It had nothing to do with my take on the development of Hong Kong. I don’t see what is the point of such programming. It is so unlike the traditions of British public service broadcasting.

    To answer your question on Cowperthwaite (glorious name) he allowed the colony to develop as in the Victorian times here. All economies develop in this way, which is why hundreds of mainland Chinese are suffering as the emerging economy – emerges. One day they will assert their rights and then there will be better public health measures and safety, with better education for the peasantry.

    They are doing better than we did in 1850 on that score.

    My view is that Hong Kong’s ‘success’ (I would not want to live there literally for all the tea in China) is to down to geography, like Singapore and so on.

    But a decent programme (I only saw the last 20 minutes, so criticise me for that). would not be trying to preach but to educate. We will miss the BBC one day.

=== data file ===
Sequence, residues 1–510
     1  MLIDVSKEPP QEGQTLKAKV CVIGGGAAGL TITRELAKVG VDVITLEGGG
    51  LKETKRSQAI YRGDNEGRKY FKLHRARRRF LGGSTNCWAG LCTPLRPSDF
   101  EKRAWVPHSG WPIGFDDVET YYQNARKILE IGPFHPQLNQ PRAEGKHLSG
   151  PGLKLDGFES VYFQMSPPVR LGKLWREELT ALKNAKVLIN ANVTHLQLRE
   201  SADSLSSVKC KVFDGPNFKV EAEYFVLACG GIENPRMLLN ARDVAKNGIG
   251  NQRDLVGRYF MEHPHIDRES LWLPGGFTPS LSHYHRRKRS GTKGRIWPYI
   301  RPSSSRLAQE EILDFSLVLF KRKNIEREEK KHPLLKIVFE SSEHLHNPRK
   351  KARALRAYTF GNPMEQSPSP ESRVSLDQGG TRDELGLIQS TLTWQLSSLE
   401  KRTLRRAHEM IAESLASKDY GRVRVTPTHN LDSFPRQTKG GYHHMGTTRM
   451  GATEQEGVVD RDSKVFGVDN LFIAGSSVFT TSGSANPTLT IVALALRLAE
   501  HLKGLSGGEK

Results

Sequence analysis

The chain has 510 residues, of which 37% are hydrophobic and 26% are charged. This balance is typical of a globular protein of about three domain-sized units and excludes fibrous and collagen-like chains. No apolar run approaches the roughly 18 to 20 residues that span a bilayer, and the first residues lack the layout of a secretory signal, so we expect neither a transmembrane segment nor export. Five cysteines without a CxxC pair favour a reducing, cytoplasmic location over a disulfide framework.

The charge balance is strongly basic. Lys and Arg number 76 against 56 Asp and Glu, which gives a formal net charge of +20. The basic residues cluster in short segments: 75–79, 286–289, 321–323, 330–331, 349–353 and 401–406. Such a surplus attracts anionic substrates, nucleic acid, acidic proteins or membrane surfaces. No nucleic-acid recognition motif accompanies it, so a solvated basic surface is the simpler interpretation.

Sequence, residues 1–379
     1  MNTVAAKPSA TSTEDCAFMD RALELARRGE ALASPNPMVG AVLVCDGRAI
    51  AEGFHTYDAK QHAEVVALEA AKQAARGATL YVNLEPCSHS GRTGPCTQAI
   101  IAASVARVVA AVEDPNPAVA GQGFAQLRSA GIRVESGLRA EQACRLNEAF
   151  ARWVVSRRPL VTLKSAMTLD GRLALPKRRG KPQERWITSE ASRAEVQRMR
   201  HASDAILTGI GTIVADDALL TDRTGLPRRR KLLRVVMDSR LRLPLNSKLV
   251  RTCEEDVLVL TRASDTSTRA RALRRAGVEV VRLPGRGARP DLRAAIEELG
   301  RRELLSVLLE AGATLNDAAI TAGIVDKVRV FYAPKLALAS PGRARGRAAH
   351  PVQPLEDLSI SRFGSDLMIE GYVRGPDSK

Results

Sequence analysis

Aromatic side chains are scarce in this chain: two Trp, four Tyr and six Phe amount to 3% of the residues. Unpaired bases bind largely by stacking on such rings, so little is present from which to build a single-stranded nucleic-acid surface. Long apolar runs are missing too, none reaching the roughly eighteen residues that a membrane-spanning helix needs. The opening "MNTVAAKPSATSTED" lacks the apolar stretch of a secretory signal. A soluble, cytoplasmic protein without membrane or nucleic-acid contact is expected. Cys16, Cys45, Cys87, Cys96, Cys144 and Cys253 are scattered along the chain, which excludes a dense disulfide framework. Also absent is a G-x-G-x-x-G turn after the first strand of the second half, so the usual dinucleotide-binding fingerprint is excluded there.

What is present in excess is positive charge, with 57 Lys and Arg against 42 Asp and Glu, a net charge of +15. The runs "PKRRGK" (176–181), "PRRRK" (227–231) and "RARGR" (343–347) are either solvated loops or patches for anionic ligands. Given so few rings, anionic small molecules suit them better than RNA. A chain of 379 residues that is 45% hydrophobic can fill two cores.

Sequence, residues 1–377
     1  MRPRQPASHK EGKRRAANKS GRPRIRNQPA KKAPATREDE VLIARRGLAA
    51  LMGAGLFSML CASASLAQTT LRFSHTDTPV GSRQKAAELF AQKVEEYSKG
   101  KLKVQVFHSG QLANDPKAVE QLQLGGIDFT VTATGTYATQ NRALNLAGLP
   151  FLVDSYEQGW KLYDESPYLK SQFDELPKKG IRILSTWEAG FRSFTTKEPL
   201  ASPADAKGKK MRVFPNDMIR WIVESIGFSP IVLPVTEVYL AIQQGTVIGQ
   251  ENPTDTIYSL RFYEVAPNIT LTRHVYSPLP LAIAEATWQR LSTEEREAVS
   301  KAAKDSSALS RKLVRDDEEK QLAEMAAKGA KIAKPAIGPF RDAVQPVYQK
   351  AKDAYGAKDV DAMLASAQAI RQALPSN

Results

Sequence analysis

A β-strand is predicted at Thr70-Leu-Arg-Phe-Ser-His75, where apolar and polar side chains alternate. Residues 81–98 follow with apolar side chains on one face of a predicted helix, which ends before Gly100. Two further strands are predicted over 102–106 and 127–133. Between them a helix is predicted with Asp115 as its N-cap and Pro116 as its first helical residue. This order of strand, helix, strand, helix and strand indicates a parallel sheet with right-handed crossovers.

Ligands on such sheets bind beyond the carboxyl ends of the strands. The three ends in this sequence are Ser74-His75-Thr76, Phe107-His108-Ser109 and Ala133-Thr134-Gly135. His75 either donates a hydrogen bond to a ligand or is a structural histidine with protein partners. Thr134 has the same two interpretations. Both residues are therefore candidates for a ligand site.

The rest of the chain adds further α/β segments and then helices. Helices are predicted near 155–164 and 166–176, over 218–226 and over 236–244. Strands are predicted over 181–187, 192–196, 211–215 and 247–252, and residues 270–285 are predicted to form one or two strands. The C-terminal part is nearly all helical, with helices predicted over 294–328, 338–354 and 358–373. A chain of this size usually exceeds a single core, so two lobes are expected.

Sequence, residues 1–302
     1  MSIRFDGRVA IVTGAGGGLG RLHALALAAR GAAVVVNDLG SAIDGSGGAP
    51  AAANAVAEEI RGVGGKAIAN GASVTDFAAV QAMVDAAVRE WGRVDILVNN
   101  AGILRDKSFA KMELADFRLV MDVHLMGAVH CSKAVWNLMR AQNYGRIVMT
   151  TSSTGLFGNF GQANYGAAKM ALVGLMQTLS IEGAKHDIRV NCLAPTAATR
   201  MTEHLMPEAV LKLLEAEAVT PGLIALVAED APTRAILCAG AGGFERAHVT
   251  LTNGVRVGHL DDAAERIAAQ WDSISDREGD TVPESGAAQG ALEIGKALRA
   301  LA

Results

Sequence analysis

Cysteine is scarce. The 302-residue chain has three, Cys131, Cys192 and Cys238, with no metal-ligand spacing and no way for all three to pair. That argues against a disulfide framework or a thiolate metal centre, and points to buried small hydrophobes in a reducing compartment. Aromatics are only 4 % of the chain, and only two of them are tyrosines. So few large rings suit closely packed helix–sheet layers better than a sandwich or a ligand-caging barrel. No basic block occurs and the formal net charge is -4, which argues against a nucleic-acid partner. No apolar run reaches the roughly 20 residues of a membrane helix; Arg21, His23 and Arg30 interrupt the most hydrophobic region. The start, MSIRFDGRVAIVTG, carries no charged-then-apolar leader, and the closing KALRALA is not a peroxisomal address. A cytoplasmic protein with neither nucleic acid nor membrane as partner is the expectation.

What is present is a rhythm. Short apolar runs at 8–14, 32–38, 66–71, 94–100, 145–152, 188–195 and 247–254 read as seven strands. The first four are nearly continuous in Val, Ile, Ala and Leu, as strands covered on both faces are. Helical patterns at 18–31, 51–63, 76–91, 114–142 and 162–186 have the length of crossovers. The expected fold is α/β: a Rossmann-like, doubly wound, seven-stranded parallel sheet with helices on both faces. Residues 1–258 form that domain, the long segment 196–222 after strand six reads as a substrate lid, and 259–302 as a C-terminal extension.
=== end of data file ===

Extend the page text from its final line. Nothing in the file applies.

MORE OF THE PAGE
What a mine of information this site can be.

    Thanks for your post on Tito.

  9. Howard

    “To answer your question on Cowperthwaite (glorious name) he allowed the colony to develop as in the Victorian times here.”

    Yes- great name.

    May I suggest you check out HKs rating for health & other services.

    I appreciate that you missed part of the progg-but the point being made was that an economy of modest State intervention can still have fine ( suberb) services & infrastructure-if the economy generates the resources.

    With regard to “hundreds of mainland Chinese are suffering as the emerging economy emerges”- I think a look at conditions of the Chinese peasantry prior to economic liberalisation might be instructive.